October 2015

The Letter I'd Like to Receive

At this point in my life, I'm not big on complaining when something's not up to par at some restaurant or store I'm at. I'm more inclined to chalk it up to someone having a bad day and move on. But sometimes you feel something needs to be said, so I've decided that instead of actually making a formal complaint, I'd pretend that I did, then craft the response I'd like to see in return. So below, I present the letter I did not just get from the Embassy Suites.

Embassy Suites Page 1

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Think Like a Programmer: In (Simplified) Chinese!

Although this news has probably already been widely disseminated through Chinese media outlets, I need to tell the rest of the world that Think Like a Programmer is now also available in Chinese.

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"Chinese," in this case, means Simplified Chinese, which is how books are generally printed in mainland China. Traditional Chinese, which has more characters, is still dominant in Taiwan, Hong Kong, and Macao. (Why yes, I did just return from a trip to Wikipedia, thanks for asking.) Chinese must be the most textually dense language this book has been printed in, because it's  the most slender of all editions. The cover price is a mere 49 yuan, which at today's exchange rate is $7.71 US. At that price, there's really no reason why every programmer in China shouldn't pick up a copy, right?

In all seriousness, I love to hear from readers so if you do pick up a copy of this edition, let me know what you think.

Now, if you were really hoping for a Traditional Chinese edition of one of my books, stay tuned; I may have some news shortly.

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Must You Ask My Name?

More and more, restaurants that have you order at a counter are asking for your name. I'd like to start the official pushback against this practice here and now. This position has been arrived at after due thought; in general, I prefer the personal to the impersonal. I almost never do any business in a drive-through if I can help it. I'd much rather park and go inside and talk with another human being face to face. On the whole, I concur with Patrick McGoohan that we shouldn't be referred to by numbers.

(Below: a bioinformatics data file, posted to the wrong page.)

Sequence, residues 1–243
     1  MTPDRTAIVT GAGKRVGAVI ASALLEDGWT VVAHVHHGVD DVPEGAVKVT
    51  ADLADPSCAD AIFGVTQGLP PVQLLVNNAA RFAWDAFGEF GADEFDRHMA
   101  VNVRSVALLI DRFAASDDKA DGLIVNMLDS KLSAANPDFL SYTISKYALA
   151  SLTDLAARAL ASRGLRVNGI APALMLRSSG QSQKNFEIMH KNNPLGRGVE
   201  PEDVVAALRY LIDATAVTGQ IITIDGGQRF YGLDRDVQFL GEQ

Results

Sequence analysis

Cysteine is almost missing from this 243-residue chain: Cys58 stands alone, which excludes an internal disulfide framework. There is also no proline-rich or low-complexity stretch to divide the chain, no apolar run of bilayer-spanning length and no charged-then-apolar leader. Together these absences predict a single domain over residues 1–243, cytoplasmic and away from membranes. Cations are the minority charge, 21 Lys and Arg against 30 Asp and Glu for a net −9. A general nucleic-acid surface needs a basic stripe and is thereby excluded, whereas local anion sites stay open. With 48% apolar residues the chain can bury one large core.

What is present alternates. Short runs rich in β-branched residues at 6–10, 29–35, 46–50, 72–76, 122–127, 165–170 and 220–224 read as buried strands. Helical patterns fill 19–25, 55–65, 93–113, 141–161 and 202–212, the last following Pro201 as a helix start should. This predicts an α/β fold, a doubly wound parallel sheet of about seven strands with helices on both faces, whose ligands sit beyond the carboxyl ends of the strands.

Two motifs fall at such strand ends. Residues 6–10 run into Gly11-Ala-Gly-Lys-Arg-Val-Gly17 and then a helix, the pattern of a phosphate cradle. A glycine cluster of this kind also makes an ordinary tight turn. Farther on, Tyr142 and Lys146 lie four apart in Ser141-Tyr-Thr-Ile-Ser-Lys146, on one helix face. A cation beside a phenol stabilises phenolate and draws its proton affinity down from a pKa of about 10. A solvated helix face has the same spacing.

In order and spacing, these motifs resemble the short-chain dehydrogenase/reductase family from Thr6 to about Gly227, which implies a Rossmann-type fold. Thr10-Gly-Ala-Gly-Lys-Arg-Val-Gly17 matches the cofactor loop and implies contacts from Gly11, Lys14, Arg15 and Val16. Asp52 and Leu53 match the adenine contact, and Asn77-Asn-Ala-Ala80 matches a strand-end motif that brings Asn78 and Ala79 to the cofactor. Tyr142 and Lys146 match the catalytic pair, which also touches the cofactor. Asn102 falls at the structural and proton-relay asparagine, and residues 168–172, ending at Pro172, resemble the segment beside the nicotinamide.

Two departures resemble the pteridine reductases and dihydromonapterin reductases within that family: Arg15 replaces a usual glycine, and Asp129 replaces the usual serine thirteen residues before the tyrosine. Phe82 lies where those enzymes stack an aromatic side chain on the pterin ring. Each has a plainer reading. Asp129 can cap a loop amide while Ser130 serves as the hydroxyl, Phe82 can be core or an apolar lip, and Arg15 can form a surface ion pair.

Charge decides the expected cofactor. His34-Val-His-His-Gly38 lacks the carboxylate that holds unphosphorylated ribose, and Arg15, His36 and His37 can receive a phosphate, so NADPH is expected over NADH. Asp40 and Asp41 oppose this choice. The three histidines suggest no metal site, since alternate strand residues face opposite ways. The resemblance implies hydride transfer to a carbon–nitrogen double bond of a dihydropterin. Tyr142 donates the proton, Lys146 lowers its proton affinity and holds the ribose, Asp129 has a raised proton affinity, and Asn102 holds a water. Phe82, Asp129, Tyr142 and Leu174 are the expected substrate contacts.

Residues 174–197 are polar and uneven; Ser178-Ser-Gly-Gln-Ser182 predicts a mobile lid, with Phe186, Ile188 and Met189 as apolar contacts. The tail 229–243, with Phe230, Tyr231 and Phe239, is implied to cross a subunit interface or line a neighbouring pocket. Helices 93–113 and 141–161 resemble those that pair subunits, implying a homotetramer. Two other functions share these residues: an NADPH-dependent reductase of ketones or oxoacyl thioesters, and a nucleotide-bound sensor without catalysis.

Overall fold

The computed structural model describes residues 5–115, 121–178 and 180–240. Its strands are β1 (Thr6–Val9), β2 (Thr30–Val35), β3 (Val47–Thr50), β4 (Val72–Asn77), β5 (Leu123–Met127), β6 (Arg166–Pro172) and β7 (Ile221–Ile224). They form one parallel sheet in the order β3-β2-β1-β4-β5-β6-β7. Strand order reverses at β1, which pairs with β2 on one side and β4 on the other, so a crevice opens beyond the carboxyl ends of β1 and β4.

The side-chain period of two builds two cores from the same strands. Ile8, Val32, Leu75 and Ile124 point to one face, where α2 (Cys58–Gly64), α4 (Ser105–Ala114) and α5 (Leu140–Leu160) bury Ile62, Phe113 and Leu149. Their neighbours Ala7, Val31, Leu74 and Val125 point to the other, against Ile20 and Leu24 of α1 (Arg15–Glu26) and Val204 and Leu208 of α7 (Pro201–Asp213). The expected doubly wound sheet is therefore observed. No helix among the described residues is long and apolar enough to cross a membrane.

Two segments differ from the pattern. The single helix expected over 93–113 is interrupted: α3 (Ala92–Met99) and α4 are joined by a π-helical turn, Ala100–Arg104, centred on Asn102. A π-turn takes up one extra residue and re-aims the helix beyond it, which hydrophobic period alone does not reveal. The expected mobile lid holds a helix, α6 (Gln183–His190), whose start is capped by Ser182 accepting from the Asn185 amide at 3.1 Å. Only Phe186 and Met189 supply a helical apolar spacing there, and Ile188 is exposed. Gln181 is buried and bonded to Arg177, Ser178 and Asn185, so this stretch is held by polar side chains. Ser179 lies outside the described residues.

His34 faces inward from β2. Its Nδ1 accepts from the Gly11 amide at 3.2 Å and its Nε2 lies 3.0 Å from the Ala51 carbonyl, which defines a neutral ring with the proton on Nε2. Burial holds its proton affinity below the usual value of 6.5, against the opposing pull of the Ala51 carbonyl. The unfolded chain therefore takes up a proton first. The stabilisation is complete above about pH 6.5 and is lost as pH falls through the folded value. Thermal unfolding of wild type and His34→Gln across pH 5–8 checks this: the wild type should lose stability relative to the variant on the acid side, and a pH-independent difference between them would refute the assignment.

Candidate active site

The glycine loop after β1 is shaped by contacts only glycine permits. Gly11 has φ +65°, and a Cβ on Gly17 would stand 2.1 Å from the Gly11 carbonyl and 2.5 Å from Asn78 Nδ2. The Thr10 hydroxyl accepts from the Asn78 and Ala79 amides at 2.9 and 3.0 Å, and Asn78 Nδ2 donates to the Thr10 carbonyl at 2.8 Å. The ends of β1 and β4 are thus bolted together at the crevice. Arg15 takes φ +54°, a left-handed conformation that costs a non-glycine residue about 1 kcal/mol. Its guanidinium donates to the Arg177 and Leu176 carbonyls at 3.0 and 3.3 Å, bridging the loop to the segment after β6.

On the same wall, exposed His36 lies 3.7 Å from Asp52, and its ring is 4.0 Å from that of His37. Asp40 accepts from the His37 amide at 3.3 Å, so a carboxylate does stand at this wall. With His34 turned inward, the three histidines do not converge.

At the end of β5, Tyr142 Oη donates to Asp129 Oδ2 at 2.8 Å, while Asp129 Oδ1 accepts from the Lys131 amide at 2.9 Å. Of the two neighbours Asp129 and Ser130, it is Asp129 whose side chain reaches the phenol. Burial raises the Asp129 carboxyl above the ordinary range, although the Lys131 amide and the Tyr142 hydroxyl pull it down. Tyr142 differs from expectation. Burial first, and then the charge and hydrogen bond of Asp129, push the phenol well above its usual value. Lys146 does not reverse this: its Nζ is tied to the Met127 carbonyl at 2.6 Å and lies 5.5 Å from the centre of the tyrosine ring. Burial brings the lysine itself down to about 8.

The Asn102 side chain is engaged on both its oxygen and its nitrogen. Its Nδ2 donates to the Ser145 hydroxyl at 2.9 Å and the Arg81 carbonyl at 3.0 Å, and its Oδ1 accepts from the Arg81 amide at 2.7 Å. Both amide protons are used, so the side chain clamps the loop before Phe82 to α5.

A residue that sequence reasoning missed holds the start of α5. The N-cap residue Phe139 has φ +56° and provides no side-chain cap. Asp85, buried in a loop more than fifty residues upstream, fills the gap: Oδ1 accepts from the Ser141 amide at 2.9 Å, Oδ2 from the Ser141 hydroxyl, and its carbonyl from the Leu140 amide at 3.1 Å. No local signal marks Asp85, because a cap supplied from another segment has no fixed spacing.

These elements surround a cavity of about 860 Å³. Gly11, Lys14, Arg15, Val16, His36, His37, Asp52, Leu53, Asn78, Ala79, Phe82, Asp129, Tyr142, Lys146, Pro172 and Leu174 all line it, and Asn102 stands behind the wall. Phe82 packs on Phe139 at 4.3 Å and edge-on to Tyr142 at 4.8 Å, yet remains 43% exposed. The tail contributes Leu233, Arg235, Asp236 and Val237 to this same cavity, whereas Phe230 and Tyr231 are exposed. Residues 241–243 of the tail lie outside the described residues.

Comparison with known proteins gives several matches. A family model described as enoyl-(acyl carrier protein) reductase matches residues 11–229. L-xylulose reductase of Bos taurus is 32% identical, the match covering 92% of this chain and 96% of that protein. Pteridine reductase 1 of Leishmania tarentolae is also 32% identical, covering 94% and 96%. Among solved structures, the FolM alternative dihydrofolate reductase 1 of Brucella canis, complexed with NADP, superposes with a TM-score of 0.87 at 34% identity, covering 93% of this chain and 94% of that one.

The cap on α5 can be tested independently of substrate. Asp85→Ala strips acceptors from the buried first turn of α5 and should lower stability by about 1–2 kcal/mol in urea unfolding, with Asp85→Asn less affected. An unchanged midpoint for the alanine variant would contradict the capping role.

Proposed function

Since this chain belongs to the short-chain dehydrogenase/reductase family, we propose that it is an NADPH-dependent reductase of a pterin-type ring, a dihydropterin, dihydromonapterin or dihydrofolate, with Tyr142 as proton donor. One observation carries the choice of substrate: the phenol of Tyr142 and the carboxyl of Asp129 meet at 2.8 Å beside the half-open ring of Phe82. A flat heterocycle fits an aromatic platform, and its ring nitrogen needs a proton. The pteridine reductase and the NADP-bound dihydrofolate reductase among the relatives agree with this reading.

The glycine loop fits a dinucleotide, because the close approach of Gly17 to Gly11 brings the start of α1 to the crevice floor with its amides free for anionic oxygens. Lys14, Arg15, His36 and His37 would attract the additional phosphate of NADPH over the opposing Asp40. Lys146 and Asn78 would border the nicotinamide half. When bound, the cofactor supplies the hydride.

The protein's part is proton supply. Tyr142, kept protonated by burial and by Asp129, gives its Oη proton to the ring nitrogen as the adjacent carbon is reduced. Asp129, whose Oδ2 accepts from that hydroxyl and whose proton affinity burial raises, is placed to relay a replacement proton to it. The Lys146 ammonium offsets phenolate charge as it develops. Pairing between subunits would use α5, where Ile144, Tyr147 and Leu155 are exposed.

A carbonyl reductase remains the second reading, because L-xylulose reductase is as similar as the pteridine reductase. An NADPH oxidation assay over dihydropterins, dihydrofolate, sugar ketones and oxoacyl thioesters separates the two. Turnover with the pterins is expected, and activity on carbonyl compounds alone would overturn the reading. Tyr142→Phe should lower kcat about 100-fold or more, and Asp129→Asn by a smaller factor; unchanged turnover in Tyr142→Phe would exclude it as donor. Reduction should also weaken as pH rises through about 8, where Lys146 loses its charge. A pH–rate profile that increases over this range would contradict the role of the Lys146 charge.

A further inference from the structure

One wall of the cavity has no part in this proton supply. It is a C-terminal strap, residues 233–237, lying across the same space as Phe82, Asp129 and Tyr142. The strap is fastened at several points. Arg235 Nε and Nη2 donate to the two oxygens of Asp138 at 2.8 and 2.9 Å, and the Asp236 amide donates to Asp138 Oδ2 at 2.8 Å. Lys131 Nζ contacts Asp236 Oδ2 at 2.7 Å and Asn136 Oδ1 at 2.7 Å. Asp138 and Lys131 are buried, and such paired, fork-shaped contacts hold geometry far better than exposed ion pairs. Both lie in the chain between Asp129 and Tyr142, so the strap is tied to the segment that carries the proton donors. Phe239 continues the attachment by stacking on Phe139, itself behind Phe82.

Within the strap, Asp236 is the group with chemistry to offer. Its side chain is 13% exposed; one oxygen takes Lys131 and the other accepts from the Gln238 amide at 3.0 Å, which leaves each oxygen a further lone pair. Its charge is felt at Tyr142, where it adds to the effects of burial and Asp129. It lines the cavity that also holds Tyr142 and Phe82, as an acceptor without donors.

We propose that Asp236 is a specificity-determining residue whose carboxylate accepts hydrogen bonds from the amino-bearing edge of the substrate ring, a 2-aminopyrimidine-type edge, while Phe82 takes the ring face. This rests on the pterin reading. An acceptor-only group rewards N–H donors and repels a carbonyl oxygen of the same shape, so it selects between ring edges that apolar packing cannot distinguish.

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"I'm not a number! I'm a free man!"

But you know what? When I've just given you my order, please, just give me a number and let me go on my way. Don't ask for my name.

Perhaps I would feel differently if my name was Steve or Bob. But it's not. I don't know what people on the other side of the counter think I am saying when I say my name, but clearly, it's not "Anton." So I've gotten in the habit of always spelling the name afterwards: "My name is Anton. A-N-T-O-N." Strangely, that never works. Sometimes they type those letters, but in a random order, so that later I must hold up my hand when someone calls out "Natno" or "Anont." In other cases, they ignore my proscribed spelling altogether and assign me a similar name more to their liking. Most often this is "Antoine," but occasionally I'll be "Antonio." And while those are fine names shared by fine people, they aren't my name.

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Poker pro Antonio Esfandiari hugging $18 million

It's gotten to the point where I try to scope out when my order is ready so I can cut off the name-calling before it happens: "Is that a chicken parmesan? That's me."

The alternative is to come up with a fake identity for use when ordering food. But what name to use? At first thought, the best choice would be a simple name like John, but then you open up the possibility of standing next to other people actually named John, and then the moment of delivering the chicken parmesan to its rightful owner turns into the scene where everyone claims to be Spartacus.

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"No, I'm Spartacus!"

So then maybe the right idea is an unusual name but one people can spell, like Mars or Pony. But then I think, if the whole point is that I don't want to be called by someone else's name, isn't this just surrendering before the battle starts? The ultimate solution is for restaurants to ditch this cheap attempt to conjure up instant familiarity and go back to the time-honored system of giving each customer a number. Is it impersonal? Yes. Does it work? Yes.

So look: I'm all for treating people as people, as individuals with intrinsic worth in the eyes of their fellow men and their Maker. That said, sometimes in life you just have to stand up and proclaim that you're a number.

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"Who am I? 24601!"

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